By Nora D. Volkow Feb. 8, 2023
Though it may be hard for many to fathom, even pregnant people and new parents can have active substance use disorders. They need support, not criminalization.
The addiction and overdose crisis, which now claims more than 100,000 lives a year, shows little sign of abating, and emerging data highlight its startling impact on pregnant people: Overdose is now a leading cause of death during or shortly after pregnancy.
Columbia University researchers recently reported that drug overdose deaths among pregnant and postpartum people increased by 81% between 2017 and 2020. In September 2022, the Centers for Disease Control and Prevention released data showing that deaths related to mental health conditions, including substance use disorders (SUDs), account for 23% of deaths during pregnancy or in the year following it. This outstrips excessive bleeding, cardiovascular conditions, or other well-known complications of pregnancy.
These stunning data highlight just how important it is to ensure access to substance use disorder treatment for pregnant and postpartum people, including the need to eliminate barriers that interfere with this treatment.
In the United States, quality addiction treatment is notoriously hard to come by, especially in rural areas and especially for people from some racial and ethnic groups. Even for those with health insurance, addiction treatment is not covered equitably, so getting care may be expensive. And fewer than half of addiction treatment programs prescribe effective medications like buprenorphine for opioid use disorder.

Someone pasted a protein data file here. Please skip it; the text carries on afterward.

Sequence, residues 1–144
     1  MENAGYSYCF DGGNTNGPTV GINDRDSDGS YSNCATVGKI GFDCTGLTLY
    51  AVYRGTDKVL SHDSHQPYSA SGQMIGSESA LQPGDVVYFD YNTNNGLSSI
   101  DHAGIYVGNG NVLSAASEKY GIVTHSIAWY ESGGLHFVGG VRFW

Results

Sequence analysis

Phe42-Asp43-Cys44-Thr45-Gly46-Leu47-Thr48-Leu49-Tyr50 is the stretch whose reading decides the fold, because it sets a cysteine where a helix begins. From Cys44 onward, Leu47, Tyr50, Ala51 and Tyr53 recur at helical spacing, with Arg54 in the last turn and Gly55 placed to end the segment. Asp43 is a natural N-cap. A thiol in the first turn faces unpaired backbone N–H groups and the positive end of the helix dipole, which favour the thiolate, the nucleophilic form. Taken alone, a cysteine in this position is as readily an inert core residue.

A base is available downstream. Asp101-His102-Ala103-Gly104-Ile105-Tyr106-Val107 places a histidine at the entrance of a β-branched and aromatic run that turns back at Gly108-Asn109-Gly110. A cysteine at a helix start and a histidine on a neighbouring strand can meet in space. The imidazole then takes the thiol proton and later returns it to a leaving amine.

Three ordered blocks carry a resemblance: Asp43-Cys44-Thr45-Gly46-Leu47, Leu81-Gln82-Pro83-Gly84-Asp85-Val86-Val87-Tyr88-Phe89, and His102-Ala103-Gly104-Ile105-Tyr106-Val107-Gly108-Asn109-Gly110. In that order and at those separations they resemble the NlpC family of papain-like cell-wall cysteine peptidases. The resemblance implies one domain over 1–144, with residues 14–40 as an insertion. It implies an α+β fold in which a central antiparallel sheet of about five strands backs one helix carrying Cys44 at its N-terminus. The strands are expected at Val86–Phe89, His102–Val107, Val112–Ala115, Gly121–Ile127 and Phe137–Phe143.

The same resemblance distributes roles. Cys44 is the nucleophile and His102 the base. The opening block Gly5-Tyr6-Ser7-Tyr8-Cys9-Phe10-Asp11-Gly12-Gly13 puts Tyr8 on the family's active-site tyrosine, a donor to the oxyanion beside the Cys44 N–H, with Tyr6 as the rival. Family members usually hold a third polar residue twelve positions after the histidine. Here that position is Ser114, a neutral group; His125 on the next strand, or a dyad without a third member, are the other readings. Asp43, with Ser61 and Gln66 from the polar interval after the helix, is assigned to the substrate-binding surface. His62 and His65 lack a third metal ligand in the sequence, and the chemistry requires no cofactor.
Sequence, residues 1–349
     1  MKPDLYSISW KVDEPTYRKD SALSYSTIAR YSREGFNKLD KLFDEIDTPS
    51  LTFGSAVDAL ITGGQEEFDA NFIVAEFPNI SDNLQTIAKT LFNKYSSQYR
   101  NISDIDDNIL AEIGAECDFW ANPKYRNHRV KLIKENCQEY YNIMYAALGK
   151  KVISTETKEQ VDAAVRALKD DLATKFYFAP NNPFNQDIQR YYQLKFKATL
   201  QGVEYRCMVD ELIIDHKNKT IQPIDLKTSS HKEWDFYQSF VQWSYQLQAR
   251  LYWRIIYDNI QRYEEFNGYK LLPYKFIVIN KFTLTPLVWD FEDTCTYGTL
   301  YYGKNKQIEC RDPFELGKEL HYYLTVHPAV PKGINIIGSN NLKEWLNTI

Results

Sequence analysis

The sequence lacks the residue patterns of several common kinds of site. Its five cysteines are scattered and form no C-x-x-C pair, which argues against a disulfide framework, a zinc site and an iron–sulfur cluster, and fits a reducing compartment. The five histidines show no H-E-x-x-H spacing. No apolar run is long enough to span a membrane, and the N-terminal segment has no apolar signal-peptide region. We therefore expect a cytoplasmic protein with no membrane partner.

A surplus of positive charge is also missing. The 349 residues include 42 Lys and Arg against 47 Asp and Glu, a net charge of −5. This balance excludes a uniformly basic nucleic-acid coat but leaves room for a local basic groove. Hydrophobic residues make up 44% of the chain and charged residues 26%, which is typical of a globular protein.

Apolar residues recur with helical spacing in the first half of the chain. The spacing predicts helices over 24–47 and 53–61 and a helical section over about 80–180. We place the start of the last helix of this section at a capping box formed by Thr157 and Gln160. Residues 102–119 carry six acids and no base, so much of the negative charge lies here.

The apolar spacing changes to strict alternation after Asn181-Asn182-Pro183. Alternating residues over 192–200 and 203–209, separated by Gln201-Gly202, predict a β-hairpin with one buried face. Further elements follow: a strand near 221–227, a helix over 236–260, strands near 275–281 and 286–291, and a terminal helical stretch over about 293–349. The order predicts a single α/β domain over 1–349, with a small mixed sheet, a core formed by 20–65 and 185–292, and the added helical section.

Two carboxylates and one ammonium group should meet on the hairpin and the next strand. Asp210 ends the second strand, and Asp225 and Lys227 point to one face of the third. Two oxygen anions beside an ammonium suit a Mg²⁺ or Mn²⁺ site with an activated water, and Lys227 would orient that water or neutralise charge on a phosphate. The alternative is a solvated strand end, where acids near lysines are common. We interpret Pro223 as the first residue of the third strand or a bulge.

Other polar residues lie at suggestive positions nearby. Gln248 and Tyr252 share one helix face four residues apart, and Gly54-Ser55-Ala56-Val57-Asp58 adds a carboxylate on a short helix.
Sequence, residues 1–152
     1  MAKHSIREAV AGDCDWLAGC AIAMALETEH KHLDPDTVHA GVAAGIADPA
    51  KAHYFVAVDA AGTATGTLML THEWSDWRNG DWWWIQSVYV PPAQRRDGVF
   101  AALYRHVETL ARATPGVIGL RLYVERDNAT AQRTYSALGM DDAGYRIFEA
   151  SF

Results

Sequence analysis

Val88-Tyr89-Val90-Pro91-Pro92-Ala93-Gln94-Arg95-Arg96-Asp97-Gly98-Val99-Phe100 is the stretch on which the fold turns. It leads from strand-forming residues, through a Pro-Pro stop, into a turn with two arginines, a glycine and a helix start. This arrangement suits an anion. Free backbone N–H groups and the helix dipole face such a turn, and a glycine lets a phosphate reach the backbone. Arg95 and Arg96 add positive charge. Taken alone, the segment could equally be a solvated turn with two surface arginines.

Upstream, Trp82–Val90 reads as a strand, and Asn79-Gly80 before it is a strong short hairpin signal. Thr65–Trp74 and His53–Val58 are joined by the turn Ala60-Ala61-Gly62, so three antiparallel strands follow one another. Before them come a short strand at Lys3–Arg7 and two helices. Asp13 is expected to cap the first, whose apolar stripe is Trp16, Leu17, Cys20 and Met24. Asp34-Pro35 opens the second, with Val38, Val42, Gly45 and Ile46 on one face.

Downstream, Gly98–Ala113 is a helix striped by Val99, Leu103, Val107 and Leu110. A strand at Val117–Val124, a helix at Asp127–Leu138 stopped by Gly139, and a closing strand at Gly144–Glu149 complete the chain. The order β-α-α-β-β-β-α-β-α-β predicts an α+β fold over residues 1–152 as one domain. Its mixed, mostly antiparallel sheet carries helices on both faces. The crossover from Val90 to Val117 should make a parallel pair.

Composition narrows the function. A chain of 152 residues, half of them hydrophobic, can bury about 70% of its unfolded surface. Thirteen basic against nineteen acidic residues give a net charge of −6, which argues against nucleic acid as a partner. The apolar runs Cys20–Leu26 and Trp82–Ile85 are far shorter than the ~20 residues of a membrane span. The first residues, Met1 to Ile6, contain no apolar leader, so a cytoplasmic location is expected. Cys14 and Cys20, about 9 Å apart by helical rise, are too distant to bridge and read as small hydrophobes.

People seeking treatment for addictions face additional obstacles, especially if they have children. Only a small minority of treatment facilities provide child care, creating yet another obstacle on top of securing transportation, housing, food, and other necessities, all of which can be more difficult for people who are also supporting children.
The barriers get even higher for pregnant people. In one recent study using a “secret shopper” approach, callers to addiction treatment providers in 10 states were 17% less likely to receive an appointment if they said they were pregnant. Pregnant Black and Hispanic people experience even greater challenges accessing addiction treatment, including being less likely to receive medication for opioid use disorder, a proven and cost-effective treatment.
Fear of criminal punishment deters many pregnant people from seeking help for drug or alcohol problems. Many U.S. states have punitive policies in place related to substance use in pregnancy, which may include regarding it as potential child abuse, or grounds for commitment or being charged with a criminal act. Penalties for substance use in pregnancy can include fines, loss of custody, involuntary commitment, or incarceration.
Between 2011 and 2017, the number of infants placed in foster care grew by 10,000 each year; at least half of those placements were associated with parental substance use. Children in states with punitive policies are less likely to be reunited with their parents than those in other states. Moreover, there are considerable inequalities within the child welfare system. Pregnant Black people are more likely to be referred to child welfare and less likely to be reunited with their infants than pregnant white people, and Black and American Indian/Alaska Native children are overrepresented in this system.